FUEL STORAGE

The DLRA is required to manage risks from hazardous chemicals to health and safety so far as reasonably practicable including those operating temporary fuel storage and handling systems at Speed Week.
This event is attended by relatively large numbers of the of the general public who have access to the pit area.

This document is based upon the Work Health and Safety Regulations 2012 (SA)

 

Risk management

The DLRA will identify the risks of all the chemicals on site and manage them in relation to transport, storage, use and disposal and maintain them in a register.

Vapour from flammable fuels such as unleaded, E10 or E85 petrol or liquids assigned to UN number 1203 may mix with air, creating an explosive atmosphere.

Failure to control ignition sources can result in a fire or explosion, putting the health and safety of workers and patrons at events at serious risk of injury. Fire or explosion may also result is severe property damage.

Ignition sources may include naked flames, mechanical or static sparks, non-rated electrical equipment or hot surfaces.

AS60079: Part 10.1 provides a methodology for identifying potentially explosive atmospheres and a range of example hazardous areas for fuel systems.

Australian Standards such as AS1940, also include example ways for storing and handling fuels safely.

Applying traditional ways of managing risks to health and safety to a temporary fuel system may not be possible or reasonably practicable in all circumstances.

Please note that some hazard classes and categories are excluded by the WHS Regulations and therefore the Code does not apply to those chemicals.

Refer to page 3 of the Managing risks of hazardous chemicals in the workplace - Code of Practice for more information on exclusions.


 

General controls

  • A register of safety data sheets (SDSs) for fuels stored or handled at Speed Week shall be readily available at all times.
  • A fuel’s SDS shall be taken account of when identifying hazards and controlling risks.
  • Bulk fuel tanks, dispensers and package stores shall be located in a dedicated fuel compound isolated from public areas by barriers such as 1.8m high chain-wire fencing.
  • Fuel compounds shall be provided with a minimum of 2x entry/exit points fitted with unobstructed outward opening gates and unauthorised access shall be restricted.
  • Plant and equipment shall be designed and manufactured for its intended purpose including road tankers connected to fuel dispensers, IBCs connected to decanting systems or dispenser used to fill drums >25L.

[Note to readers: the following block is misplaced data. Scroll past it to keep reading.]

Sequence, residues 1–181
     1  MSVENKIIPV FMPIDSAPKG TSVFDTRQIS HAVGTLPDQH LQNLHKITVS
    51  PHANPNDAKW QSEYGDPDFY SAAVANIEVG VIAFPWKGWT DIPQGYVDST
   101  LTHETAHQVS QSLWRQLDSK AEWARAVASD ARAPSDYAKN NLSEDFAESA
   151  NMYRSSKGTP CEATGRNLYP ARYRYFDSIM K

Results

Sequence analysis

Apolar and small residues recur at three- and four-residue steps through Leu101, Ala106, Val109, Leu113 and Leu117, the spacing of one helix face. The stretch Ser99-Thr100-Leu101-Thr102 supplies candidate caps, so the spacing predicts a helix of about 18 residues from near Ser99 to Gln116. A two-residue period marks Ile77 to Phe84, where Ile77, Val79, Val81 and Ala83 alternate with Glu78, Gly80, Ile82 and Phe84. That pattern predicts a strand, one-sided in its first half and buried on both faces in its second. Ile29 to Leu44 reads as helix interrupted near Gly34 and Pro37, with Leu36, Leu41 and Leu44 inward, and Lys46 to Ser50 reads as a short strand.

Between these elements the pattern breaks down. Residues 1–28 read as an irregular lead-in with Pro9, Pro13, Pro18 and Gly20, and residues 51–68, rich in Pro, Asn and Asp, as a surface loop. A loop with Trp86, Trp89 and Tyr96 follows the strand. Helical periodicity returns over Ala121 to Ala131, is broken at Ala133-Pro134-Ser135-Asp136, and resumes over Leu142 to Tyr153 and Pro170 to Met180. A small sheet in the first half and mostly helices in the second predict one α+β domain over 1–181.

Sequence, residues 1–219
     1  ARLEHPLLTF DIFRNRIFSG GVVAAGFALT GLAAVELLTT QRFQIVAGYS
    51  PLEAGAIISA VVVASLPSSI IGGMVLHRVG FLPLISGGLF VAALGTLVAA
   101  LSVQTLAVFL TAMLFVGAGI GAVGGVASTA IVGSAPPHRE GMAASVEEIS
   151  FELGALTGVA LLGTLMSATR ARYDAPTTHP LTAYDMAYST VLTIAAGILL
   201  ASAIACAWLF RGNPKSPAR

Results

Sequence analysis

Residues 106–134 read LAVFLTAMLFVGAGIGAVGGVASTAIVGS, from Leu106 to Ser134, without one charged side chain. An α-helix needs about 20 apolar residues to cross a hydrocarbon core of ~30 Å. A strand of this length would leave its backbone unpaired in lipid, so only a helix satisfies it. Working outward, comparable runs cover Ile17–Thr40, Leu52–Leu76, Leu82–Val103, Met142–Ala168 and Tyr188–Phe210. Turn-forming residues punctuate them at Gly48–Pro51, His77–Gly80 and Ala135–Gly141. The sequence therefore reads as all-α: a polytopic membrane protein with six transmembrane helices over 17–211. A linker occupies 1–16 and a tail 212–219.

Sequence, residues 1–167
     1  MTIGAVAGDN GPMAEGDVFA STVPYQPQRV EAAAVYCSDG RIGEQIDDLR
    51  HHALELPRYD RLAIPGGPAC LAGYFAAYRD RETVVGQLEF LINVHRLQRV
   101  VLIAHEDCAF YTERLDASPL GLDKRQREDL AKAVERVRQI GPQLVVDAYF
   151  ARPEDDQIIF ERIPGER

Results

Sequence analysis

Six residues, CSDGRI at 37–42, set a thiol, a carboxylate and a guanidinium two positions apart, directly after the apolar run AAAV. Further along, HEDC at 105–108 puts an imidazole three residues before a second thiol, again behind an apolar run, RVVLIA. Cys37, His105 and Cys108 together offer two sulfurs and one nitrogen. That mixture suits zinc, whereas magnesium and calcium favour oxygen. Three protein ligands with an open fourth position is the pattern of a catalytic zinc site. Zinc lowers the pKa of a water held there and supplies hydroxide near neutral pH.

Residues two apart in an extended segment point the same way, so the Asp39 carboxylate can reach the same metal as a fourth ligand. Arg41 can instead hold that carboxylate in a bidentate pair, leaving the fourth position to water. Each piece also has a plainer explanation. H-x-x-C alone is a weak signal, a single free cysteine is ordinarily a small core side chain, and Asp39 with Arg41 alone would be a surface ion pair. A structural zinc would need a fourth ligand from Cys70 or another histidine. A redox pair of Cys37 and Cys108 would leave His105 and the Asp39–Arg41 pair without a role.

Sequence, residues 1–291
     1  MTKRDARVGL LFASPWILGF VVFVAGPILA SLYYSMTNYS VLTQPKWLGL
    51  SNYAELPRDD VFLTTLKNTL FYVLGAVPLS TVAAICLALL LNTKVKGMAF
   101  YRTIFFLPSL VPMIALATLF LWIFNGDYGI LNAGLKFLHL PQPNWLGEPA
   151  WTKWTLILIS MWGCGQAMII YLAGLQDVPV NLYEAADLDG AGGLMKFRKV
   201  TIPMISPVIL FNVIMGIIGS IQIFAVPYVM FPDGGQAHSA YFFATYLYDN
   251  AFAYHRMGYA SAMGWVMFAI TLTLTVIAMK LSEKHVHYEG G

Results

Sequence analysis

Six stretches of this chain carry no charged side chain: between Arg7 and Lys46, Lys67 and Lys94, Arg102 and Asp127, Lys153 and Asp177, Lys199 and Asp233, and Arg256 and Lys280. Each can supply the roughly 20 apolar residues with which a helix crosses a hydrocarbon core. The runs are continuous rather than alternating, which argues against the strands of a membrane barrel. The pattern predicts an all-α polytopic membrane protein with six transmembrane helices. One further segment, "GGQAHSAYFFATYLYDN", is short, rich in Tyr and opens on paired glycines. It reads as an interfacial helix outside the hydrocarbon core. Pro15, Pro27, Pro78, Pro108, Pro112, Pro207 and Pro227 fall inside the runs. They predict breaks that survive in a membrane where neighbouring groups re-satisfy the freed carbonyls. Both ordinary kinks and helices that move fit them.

• Road tankers shall be disconnected and isotainers removed from a prime mover prior to being connected to any fuel dispensing system.
  • Tanker trailers and isotainers connected to a dispensing/decanting system via flexible hoses shall be fitted with a remotely controlled emergency shut-off valve as close as possible to the tank’s outlet. Operating this valve shall be possible from outside a tank’s spill compound and at any dispensing or decanting point.
    Note: The purpose of this valve is to provide a means of remotely closing a tank outlet in the event of a hose failure between a bulk tank and dispenser.
  • Temporary fuel tanks shall not exceed 50,000L.
  • Temporary package stores containing fuels shall not exceed 10,000L.
  • Any IBC connected to a fuel decanting system shall be considered a bulk tank and therefore, be consistent with the requirements of AS1940 and AS1692 for aboveground tanks.

 

Separation distances

Separation distances slow the escalation of a fire involving flammable liquids and must be applied as described to temporary fuel storage at short term events.

The below provides guidance about separation distances:

  • Aboveground bulk tanks shall be separated from public areas, vehicle garages, buildings, property boundaries, accumulations of combustible materials or other fire-risk dangerous goods as per Table 5.4 of AS1940, (e.g. 42,000L fuel tank = 12m). Note: The size of a road tanker shall be considered the aggregate of all compartments.
  • Any two stand-alone bulk fuel tanks shall be separated by >1m.
  • Package stores shall be separated from public areas, vehicle garages, buildings, property boundaries and accumulations of combustible materials or fire-risk dangerous goods as per Table 4.1 of AS1940 or 3m, whichever is greater, e.g. 20 x 200L fuel drums = 5m minimum separation distance.
  • Aboveground bulk tanks and package stores shall be separated from each other as per Table 5.3 of AS1940.
  • Fuel dispensers shall be located outside of enclosed buildings in well ventilated areas and >8m from any aboveground non-fire rated bulk tank or package store containing flammable liquid.
  • Fuel dispensers shall also be located outside of any spill compound for a bulk fuel tank or package store.

 

Control of ignition sources

Entrants must control ignition sources and accumulation of flammable and combustible substances.

Temporary fuel systems must be adequately protected from undesirable static electricity accumulation.

Ensure ignition sources are eliminated from any on-site hazardous area(s) during anytime a potentially explosive mixture of flammable vapor and air exists.

Hazardous areas around bulk fuel tanks, dispensers and package stores shall be identified on a plan or by erecting signs such as ‘No Smoking, No Ignition Sources’ around the perimeter of such areas.
Ensure electrical equipment located within a hazardous area is appropriately certified for the corresponding zone and protection type required.